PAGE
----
Friday, December 06, 2002

Today I killed the only friend I’ve ever had that never talked back to me. I gave the order and he was executed. The politically correct way to say it is, “I had him put to sleep,” or “I put him down.” No matter. I looked him over, judged that he was unfit to continue to live, and I had him put to death. His name was Bear. He was a Golden Retriever. He trusted me up to the very last minute and I betrayed him.

It would be easy to say, “Bear was just a dog.” That is what I usually think when other people tell me that they killed their family pet. Usually I’m right. But Bear was not just a dog. You see, if being good would get you into heaven, Bear would be the first one in. He obeyed better than anybody else in my family.

I know you’ll find this hard to believe but it is true. If I told Bear to go get in the bathtub… he went and got in the bathtub. I didn’t teach him that. Nobody did. He figured it out after his first few baths. Bear took great pride in only going to the bathroom in his dog run. It is a simple concrete slab encased in a chain link fence. The dog run has a gate, which I never locked. It still managed to swing shut on it’s own though it did not latch. When Bear wanted to go outside he would walk to the kitchen door and run around in circles. A wise man would pay attention to that signal. Then he would run out of the door, make a courtesy lap around the back yard, and then he would open his own dog run with his nose and his right paw. If I am lying I will use the dog run myself for the rest of my life. I have had neighbors come to me and ask how I taught him that. I could not take the credit. Bear was a self-taught dog. When we would take Bear on trips I always thought he was going to explode until he finally decided, out of desperation, that any concrete would do in a pinch. Bear would sleep by my side of the bed every night. Every night I would get up in the dark to go to the bathroom and I would step on him. He never complained and he seldom moved. We had this working relationship. He knew it was coming and I knew he would still be there when I got back. He would forgive me for the first time and I would avoid him on the second.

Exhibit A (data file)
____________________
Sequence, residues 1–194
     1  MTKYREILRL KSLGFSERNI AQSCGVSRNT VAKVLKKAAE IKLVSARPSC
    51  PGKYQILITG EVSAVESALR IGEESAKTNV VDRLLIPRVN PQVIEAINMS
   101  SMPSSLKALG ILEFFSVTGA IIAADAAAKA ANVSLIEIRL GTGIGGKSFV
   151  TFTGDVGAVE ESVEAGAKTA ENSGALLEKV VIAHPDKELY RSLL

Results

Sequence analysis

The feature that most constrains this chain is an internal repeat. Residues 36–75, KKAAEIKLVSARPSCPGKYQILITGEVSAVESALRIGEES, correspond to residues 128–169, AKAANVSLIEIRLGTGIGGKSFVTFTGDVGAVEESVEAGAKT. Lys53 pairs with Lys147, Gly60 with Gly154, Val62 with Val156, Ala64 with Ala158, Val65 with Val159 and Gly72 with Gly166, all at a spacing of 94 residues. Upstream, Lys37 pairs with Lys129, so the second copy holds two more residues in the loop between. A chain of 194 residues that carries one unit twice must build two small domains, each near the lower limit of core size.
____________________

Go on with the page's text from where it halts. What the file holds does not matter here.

One night Bear woke me with an unusually stern bark. It was a bark that said, “Hey, somebody get up. This is for real.” I crept into the living room where he was staring at the front door. I trusted his judgment and peeked out of the window. There was a police car on the street sweeping my house with a spot light. I decided to wait the situation out. After a few minutes the doorbell rang. I peeked out and a policewoman was waiting on my porch. As I opened my door Bear ran by me at the speed of sound. In an instant the officer was on the curb trying to decide whether to shoot him or hire him. It turned out that my chimney was putting out an inordinate amount of smoke and she was checking to see if we had a chimney fire. She should have called Bear first.